5.7 Foreign Keys for Comments Table
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7 hours 36 minutes
I welcome back to Module five sequel development. We are currently in less than two foreign keys, and we're moving into Lesson 2.3,
the foreign key for the comments table.
So in the previous lesson, we implemented the foreign key for images and articles. And this lesson we're gonna move on to the next table, which is the comments table, and that will have to foreign key requirements we need to implement.
And that is
a restraint or a foreign key constraint to the user table
and a foreign key constraint to the article table,
so that when somebody generates a comment,
we are ensuring that that user exists,
and that article also exists.
So we're going to do the same thing that we did for the images table. But we're going to do it twice.
Let's go ahead, get sorry.
So if we go to the Properties tab
and we click on the Foreign Keys, we right click in the empty area and select create new foreign key.
Let's go ahead. You could do it in either order. The order doesn't matter
and let's go ahead and do the user's first.
So we're going to say that the author i d
references the i D column on the user's table.
Go ahead and select. Okay, leaving the rest of the options at the default setting.
And we're gonna go ahead and add in another foreign key.
And we already did the user. So now we need to reference the articles,
and we're going to select the article I D. Reference is the i. D.
Column on the article Stable.
now go ahead and click. Save
should take just a moment.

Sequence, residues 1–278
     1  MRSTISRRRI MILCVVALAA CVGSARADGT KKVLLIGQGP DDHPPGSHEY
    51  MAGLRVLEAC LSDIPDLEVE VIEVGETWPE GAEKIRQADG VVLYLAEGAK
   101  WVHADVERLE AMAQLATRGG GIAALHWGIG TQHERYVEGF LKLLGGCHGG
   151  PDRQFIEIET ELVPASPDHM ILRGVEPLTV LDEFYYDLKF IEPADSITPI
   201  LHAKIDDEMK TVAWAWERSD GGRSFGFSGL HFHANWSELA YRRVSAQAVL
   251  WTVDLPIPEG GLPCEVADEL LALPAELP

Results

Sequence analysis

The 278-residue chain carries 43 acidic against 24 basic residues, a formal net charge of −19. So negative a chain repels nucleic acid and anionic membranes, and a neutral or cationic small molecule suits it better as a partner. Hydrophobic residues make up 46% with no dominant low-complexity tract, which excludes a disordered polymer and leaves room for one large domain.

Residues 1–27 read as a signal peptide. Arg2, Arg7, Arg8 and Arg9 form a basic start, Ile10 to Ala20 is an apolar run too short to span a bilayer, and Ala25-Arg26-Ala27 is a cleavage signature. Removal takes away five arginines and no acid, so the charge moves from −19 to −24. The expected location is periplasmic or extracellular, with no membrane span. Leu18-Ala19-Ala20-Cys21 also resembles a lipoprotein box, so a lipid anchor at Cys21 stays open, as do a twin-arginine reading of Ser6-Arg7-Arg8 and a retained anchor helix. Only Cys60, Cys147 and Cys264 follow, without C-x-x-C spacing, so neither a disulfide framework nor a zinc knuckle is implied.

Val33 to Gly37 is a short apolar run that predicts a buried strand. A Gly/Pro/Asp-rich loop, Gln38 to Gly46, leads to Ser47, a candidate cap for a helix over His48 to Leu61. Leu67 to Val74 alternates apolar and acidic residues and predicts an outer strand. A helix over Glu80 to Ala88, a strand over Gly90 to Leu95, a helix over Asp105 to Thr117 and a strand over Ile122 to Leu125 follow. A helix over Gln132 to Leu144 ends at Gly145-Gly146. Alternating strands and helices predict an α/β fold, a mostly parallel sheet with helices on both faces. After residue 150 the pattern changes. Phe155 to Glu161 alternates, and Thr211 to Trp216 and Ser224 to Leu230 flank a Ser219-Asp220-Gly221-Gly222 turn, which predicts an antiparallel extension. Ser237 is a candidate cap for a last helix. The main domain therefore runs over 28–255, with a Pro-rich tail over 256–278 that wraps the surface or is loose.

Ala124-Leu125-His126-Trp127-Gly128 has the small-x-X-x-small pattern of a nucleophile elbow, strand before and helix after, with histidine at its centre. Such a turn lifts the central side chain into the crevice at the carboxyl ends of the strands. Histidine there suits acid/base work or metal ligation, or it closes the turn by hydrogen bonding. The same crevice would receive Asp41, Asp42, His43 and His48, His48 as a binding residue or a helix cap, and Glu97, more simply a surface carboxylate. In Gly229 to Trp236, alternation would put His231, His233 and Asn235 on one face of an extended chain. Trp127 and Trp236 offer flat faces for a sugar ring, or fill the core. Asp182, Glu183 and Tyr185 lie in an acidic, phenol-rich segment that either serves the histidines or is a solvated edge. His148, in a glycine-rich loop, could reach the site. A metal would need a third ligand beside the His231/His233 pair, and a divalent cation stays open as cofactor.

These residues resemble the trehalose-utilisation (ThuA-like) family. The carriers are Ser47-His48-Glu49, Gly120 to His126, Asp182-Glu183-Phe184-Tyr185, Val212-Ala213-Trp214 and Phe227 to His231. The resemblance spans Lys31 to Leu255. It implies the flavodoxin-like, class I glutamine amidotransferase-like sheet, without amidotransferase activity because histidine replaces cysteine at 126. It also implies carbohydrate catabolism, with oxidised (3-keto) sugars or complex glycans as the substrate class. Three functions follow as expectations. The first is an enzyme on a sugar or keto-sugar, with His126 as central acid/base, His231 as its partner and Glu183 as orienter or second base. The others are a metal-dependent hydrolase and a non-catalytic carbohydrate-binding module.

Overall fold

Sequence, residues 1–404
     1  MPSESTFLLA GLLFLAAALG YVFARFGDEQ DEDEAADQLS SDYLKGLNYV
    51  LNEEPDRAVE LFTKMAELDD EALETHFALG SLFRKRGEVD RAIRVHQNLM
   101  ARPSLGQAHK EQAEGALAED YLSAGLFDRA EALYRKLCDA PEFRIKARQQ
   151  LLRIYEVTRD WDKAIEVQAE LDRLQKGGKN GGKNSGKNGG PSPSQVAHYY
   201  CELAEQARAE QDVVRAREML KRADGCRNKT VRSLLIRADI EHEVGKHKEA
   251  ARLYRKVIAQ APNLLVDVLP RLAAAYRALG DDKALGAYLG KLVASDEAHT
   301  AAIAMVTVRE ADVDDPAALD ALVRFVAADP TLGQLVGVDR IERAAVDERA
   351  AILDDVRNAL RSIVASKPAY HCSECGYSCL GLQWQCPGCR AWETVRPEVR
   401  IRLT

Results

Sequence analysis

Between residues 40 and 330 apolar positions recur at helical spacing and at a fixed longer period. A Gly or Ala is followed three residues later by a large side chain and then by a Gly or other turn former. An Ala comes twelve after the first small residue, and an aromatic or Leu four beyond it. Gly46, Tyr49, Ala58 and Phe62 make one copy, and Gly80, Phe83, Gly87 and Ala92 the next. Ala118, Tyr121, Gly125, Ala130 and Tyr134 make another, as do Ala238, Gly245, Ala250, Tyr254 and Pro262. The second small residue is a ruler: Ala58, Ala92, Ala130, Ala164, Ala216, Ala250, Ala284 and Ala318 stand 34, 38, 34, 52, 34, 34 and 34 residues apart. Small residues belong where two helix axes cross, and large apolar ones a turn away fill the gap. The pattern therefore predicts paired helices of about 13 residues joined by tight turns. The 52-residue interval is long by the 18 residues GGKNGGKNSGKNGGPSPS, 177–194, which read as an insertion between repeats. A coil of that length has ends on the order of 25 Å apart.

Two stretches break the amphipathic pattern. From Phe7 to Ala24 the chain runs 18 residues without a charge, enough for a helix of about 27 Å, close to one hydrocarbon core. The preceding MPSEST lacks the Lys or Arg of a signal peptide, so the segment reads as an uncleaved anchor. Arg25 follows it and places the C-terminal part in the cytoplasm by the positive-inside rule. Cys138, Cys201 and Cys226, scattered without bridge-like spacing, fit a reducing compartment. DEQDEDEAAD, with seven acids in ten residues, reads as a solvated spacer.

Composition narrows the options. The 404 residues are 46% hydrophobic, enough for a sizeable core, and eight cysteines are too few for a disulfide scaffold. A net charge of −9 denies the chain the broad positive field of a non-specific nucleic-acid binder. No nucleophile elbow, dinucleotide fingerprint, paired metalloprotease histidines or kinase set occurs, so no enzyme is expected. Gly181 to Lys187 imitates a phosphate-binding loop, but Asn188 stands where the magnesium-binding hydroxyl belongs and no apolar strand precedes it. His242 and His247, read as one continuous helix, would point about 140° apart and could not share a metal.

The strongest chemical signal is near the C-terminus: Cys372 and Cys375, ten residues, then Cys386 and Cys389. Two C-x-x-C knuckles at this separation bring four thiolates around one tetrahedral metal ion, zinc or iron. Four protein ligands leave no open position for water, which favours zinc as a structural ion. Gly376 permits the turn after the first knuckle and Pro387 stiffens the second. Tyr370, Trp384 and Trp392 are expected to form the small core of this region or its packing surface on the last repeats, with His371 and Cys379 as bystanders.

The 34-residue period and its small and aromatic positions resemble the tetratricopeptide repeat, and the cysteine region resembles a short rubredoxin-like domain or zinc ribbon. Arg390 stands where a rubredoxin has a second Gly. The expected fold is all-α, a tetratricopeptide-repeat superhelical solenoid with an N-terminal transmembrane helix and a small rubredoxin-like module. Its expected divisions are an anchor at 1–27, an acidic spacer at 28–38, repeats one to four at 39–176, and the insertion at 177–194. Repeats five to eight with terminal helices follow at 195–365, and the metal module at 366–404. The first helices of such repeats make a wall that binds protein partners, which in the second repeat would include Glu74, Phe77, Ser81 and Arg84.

And now if we go and look at the R diagram will see that it hasn't updated it.
And even if you select refresh, it does not seem to update that e r diagram.
So it seems the best way to do that's actually close the, ah, the table section and then reopen it.
Okay, it looks like the diagram hasn't updated. Let's go ahead and close that again.
That's right. Click on the table and select. Refresh
the way for that to refresh the data base. Instance.
It's double click on it.
Okay, I got the diagram to show up correctly. What I actually had to do is closing the comments table
and refreshing from within. This interface was actually not enough, but I had to do was actually had to close the entire D. Beaver instance and then reopen it. So if you're having trouble with the e R diagram updating, you give that a shot,
it can be a bit of a pain when that happens. But it just appears to be the behavior of the application on occasion.
So now we can see
that the comments is bound to the user stable and the articles I D.
So when a common is added to the database, the database will enforce the rule that the author I d exists
as an I. D on the user table and that the article I d
exists as an I. D in the article tables
Now you might say,
Well, is isn't ah
convention good enough to just ensure that
you Ah, of course, ad
comments that belonged to a national user and
comments that belonged to the actual article and in general, yes. But as you get more programmers on the team,
someone could accidentally introduced a bad algorithm
that somehow on occasion adds the
a comment that belongs to the user. That doesn't exist for some reason, and by enforcing these constraints on the database itself, you can ensure that doesn't happen on any other layer of the application. So it's a good idea to to create those constraints when it makes sense in your application.
In any case, that completes this lesson. I hope you were able to get those foreign key constraints in, and I will see you in the next lesson. Thank you.